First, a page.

Chazz’s Perspective On Rekindling Relationships

todayJanuary 19, 2023 45 5

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Although the relationships in our life may seem constant, our social circles are always evolving. Losing old and building new friendships is just another part of life and for the most part, we are okay with it. But what if you find yourself missing an old friend? 


Our memories are colored by our emotions and nostalgic memories are rarely accurate. Our tendency to over-romanticize the past means that we may remember old relationships being better or worse than they actually were. That doesn’t mean that you shouldn’t seek to reconnect with people who were close to you – rekindling an old friendship may be very rewarding, it just means that reconnecting may be harder than you think… 


While people seek to form and maintain different types of relationships, including familial, professional and romantic, friends are a very important part of our social lives. Think about your own social circle. It’s likely that your family, friends and romantic partner play different roles and provide different types of support. 


Despite their importance, friendships can fall apart. Sometimes they end with angry words. Sometimes they end with hurt feelings. More often than not, though, they simply disintegrate over time because you just don’t see each other often enough anymore. 


Growing up, my best friend was my next-door neighbor. At first, our friendship was solely based on the fact that we lived next door to each other. Later, we adopted similar hobbies and interests. But as we finished primary school and our free time grew scarce, we drifted apart. Then, I moved away to South Africa & we lost touch completely. Chances are that you have a similar story of your own. 


You get used to not spending time with your best friend(s) as you grow older and your life is increasingly filled with other responsibilities. You’re busy with work and/or starting a family. Your once-a-week hang out with friends turns into a once-a-month deal, before turning into a once-in-a-blue-moon deal. Your social network may dwindle down to one or two friends. And that’s okay. It’s not the quantity of friendships that matters. It’s the quality that matters most.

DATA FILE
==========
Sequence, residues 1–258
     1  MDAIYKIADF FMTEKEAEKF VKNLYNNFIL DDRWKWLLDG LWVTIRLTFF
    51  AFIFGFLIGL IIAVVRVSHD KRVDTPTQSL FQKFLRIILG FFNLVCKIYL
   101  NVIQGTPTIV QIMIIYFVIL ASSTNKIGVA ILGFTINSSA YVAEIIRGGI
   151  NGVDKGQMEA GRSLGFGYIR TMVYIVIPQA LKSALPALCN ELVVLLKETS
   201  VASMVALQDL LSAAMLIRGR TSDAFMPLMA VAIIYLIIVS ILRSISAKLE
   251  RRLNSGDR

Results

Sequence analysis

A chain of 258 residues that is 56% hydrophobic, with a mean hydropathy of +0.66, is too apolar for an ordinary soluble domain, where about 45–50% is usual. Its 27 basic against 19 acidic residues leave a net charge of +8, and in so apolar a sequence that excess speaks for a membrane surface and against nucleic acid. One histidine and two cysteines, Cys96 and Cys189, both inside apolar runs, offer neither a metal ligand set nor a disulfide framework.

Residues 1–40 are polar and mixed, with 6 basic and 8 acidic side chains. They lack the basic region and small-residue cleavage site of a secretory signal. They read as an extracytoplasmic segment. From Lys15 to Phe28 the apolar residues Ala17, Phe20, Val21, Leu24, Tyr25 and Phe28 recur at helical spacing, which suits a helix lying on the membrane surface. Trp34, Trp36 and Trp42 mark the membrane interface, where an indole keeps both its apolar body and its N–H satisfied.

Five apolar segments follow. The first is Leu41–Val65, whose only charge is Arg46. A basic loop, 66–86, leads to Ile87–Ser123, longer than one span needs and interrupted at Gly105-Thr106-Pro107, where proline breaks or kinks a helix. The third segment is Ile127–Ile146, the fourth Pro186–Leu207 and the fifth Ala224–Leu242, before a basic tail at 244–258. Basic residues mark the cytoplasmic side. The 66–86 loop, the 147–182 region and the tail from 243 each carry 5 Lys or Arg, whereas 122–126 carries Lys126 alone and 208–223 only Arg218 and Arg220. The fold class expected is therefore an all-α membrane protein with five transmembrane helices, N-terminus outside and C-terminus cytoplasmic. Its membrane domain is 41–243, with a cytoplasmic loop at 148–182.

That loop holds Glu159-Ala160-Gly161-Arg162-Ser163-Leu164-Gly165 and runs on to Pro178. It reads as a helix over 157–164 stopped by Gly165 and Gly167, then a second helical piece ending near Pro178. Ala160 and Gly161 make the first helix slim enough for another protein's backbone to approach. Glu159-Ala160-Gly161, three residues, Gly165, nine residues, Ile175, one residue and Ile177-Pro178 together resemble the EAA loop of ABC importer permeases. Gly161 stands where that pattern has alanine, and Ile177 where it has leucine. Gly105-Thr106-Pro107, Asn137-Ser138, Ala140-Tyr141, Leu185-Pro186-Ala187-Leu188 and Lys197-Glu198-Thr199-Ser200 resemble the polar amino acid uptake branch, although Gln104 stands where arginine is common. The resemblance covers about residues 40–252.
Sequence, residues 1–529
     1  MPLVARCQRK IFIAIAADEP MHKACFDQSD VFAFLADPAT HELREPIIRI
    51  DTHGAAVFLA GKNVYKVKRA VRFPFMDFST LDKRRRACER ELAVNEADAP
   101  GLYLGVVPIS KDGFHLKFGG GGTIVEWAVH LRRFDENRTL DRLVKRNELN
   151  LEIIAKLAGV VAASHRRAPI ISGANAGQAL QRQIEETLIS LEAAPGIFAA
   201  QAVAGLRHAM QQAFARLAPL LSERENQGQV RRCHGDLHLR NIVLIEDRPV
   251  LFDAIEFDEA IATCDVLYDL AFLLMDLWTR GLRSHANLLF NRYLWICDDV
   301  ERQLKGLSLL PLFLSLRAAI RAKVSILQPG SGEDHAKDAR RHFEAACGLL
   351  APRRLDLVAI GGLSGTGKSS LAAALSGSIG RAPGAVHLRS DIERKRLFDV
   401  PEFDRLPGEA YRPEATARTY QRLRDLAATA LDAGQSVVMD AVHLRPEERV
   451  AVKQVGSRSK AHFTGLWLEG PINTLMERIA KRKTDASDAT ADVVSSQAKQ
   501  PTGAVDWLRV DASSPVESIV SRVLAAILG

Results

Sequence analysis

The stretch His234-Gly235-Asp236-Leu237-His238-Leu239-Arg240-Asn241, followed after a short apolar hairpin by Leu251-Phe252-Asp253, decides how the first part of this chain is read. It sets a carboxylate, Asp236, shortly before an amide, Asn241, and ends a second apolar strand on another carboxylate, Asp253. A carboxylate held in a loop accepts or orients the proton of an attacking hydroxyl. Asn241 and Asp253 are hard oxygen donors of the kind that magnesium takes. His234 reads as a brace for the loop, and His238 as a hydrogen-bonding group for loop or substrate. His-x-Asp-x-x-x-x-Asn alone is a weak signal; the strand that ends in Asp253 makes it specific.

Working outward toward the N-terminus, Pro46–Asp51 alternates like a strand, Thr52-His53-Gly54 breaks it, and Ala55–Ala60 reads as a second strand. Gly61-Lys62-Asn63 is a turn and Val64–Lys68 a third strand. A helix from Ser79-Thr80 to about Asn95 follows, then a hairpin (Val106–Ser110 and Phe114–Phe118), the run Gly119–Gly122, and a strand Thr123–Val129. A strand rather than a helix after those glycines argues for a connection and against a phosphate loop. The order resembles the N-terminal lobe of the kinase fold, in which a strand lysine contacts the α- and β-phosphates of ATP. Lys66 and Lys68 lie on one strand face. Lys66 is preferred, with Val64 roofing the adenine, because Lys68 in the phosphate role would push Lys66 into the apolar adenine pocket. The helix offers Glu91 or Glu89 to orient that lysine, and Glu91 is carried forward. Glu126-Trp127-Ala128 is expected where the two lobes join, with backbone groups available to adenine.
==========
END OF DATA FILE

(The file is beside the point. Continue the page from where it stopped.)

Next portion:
However, sometimes we burn our bridges, instead of letting them slowly disintegrate over time. Like all other relationships, friendships are not immune to conflicts. 

chazz and her university dance crew
Chazz and her university dance crew


When you should avoid trying to rekindle a friendship 

Did I just make you reminisce about lost friends? You may be itching to get in touch with them again. Messaging them on social media is a great idea, but before you do, you should think about two questions and consider if trying to reignite the spark is a good idea. 

Firstly, think about why you aren’t friends anymore. Did the friendship disintegrate on its own or was it a conflict that pushed you apart? 

In case of conflict, did your (ex)friend tell you something along the lines of “I never, ever want to talk to you again”? If the answer is yes, then you should respect your friend’s wishes. Put yourself in their shoes for a moment and consider how you would feel if someone you never wanted to see again tried to be a part of your life. 

Secondly, think about your own motivation behind reconnecting. Why do you want to be their friend again? If you just want to relive the good times or see what your friend is up to these days, then go ahead. Maybe you want to find closure in a conflict. That’s okay, too. 

You should refrain from reconnecting, however, if it can hurt you or your former friend. Sometimes we may want “revenge” on someone by showing them how well we are doing now. Wanting to do this doesn’t make you a bad person, but gloating about your success is not nice. 

And lastly, reconnecting should be done at your own pace. Don’t be influenced by your family’s well-meaning wonderings that usually sound like this: “You two used to be such good friends, what happened?” Don’t let yourself be dragged along to the high school reunion when you don’t want to go. Only reconnect with someone when you feel it’s the right time. 


I’m not here to tell you how to think. This life is YOURS, Your experiences are YOURS. So make your decisions and live it without apologies. You dig? You dig. 

Written by: Chazz Mubita

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